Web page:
Lost in London

A look at London and life in general through the eyes of someone who sometimes can't bear to watch.

Wednesday, October 21, 2009

How the other half live

TV presenters poking their noses into the lives of Joe Public is nothing new. From telling them what to wear to noseying through their worthless heirlooms via picking apart their home decor and repainting everything in terracotta, the fascination with telling the viewing public what to do has been a staple of mainstream TV for years.

Recently, however, this has taken a new turn. Now we see a worrying trend where the super-rich are being encouraged to have a prod and a poke at some of the country's most unfortunate citizens. A few years ago, politician Michael Portillo attempted to 'raise' a family on benefits for a TV experiment. He was followed by fellow MP Ann Widdecombe raking through the 'lifestyles' of prostitutes and other unfortunates of society.

These invasive shows have now moved up another gear, with Sarah Ferguson, the Duchess of York, slumming it on an estate in Hull and nodding and smiling in all the right places as decades of desperation and misery are laid out in front of her. Last week saw iconic soap bitch and notorious Concorde and Champagne devotee Joan Collins commissioning a Bentley and zooming down to Plymouth to inject a bit of glamour into the tired lives of three women. It was hard to tell whether Joan's facial expression was due to bemusement or the years of surgical assistance her line-free visage has enjoyed, but as she quizzed drunk locals about their tattoos, I got the distinct feeling Joanie was out of her depth. Joanie's prescription for glamour seemed to involve going to Primark and picking out outfits she wouldn't be seen dead in. La Collins freely admitted that she shopped in M&S occasionally, but when pressed by her charges into revealing her other favourite shops, she had to confess they'd be more likely to line Bond Street than be found in a gloomy shopping precinct.

Just a week after Joan's relatively harmless crusade to wring glamour out of a New Look cardigan, TV is at it again. '7 Days on the Breadline' takes four famous faces and uproots them from their various bases in LA or London and plonks them in the middle of some of the roughest areas of Leeds, a city I know quite well.

Spice Girl Mel B, fashion fascist Trinny Woodall, rugby player and Strictly Come Dancing twinkletoes Austin Healy and, er, bon viveur Keith Allen have all taken up residence in council estates across the city for a so-called social experiment. Mel has been left in charge of a family of five with just benefits to see her through. Trinny has been paired up with a remarkable elderly lady who sleeps on the sofa as she can't manage the stairs. Austin is with a smaller family who seem to be relatively well-off, but the elder son smokes dope. Finally, Keith Allen is head of the household with a slew of boisterous boys (and one girl) to look after.

We're only one episode in, and this opener was mainly taken up with the celebs meeting their new 'projects' and being shown round their modest abodes. Trinny's pensioner, fantastically, didn't have a clue who she was which knocked the wind out of the style guru's sails. Trinny's not doing too well at fitting in: she was a liability when taken to the local bingo hall and she gasped in horror at the 'all you can eat' Chinese buffet she was taken to afterwards. To her credit, she did unflinchingly empty a commode- albeit down the kitchen SINK rather than the toilet; my mother would have been HORRIFIED- and seemed to genuinely feel empathy for her buddy. Perhaps her 'journey' will be the most revealing.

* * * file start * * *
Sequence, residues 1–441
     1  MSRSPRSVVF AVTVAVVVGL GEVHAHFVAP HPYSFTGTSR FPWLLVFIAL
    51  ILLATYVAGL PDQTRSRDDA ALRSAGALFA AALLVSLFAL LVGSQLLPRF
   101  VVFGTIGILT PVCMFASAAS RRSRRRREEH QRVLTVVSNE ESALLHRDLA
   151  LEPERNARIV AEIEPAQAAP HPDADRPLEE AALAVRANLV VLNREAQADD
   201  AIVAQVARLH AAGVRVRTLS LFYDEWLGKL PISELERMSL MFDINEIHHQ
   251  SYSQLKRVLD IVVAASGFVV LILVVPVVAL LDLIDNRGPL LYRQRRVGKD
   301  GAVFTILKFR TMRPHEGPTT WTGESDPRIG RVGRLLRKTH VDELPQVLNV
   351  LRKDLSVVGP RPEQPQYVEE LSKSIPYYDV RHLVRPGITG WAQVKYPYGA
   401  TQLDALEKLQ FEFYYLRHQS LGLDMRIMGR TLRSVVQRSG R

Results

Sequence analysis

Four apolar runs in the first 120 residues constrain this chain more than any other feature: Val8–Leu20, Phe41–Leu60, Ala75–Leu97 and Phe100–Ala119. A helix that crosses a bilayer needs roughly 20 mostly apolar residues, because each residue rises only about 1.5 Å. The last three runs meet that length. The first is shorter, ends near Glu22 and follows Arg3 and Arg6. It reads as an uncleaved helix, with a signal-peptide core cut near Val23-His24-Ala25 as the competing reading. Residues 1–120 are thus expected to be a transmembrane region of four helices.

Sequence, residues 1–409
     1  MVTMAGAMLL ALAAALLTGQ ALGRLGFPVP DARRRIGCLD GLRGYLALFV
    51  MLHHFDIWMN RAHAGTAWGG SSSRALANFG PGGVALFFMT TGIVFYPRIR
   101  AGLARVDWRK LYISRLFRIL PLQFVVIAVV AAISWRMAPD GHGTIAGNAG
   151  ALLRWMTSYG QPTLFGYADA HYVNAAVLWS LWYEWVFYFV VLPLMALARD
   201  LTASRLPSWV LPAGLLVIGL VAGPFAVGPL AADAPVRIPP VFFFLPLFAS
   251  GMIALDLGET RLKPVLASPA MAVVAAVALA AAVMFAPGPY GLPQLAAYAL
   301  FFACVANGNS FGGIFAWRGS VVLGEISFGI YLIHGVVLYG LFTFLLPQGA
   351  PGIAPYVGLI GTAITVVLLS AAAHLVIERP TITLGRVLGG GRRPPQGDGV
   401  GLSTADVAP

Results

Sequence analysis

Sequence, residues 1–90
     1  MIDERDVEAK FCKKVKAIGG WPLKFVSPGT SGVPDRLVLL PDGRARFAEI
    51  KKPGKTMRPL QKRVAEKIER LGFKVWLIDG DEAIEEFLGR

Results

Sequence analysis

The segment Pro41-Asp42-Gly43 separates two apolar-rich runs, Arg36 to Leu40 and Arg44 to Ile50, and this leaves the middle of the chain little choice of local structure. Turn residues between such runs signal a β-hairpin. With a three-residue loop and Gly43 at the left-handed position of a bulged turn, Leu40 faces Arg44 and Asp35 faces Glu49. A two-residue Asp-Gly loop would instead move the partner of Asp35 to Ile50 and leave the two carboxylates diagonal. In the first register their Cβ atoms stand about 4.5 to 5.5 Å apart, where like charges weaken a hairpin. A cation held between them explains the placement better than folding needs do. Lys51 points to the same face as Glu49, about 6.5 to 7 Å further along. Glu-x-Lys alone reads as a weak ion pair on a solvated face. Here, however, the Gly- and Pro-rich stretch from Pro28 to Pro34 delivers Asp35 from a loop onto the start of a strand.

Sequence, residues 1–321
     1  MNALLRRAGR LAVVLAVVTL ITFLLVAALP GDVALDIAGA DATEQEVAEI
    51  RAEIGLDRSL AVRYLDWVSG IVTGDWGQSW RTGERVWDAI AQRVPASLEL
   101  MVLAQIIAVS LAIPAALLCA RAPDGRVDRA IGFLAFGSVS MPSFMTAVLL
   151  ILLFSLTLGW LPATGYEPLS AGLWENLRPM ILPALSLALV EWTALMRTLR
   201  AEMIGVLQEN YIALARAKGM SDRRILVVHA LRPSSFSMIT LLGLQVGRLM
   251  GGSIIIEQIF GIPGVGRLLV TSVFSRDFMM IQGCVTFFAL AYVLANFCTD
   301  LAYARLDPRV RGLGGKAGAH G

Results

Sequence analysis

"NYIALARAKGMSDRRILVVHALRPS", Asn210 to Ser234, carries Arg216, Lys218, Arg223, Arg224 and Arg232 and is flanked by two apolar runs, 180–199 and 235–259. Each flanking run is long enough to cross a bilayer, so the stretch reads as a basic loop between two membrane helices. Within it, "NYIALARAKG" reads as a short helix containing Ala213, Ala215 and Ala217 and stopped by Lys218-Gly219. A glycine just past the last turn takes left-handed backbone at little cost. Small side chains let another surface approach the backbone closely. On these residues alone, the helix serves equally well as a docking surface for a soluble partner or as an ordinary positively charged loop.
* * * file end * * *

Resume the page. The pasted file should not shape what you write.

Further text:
Elsewhere, Mel B sported an array of lurid tracksuits so she could stand out even more, endured endless catcalls from passing cars and bizarrely seemed to think that free gym memberships for all the brood would help lift them out of their doldrums. That Mel has been in LA too long was clear to see. She asked the extremely reticent children for hugs and spouted forth about 'getting to know each other' and forced family meals upon her squirming, embarrassed charges. All very admirable, but totally alien to your average Leeds youth.

Keith walked around his new home in abject horror, fighting a losing battle to clean and tidy it. The teenagers in his family cause trouble at school so they get sent home. They say they want to join the army. Keith doesn't quite know what to say so re-arranges the kitchen. A shopping trip to Asda is excruciating as Keith peers at every food's origin or fat content before putting anything in the trolley, pushed by a resentful teen who'd rather be in bed.

Austin's faring a little better so far. His works has thus consisted of gruffly calling in the teens for dinner and then having big manly chats about 'cannabis' over the meal, the awkwardness of his words ringing off the walls like a pealing church bell.

But why do we need these programmes? Do we need famous people undergoing a culture shock to make serious social issues more appealing, more entertaining? Would a hard-hitting documentary be roundly ignored?

Are these shows really highlighting the plight of the 7 million people who live below the breadline in the UK and bringing it into the wider consciousness? Or are we enjoying a little bit of poverty tourism, where we can watch in horror at the celebrities picking their way through dirty washing, thanking our lucky stars that we can afford our little luxuries? Before switching off and thinking about something else entirely.

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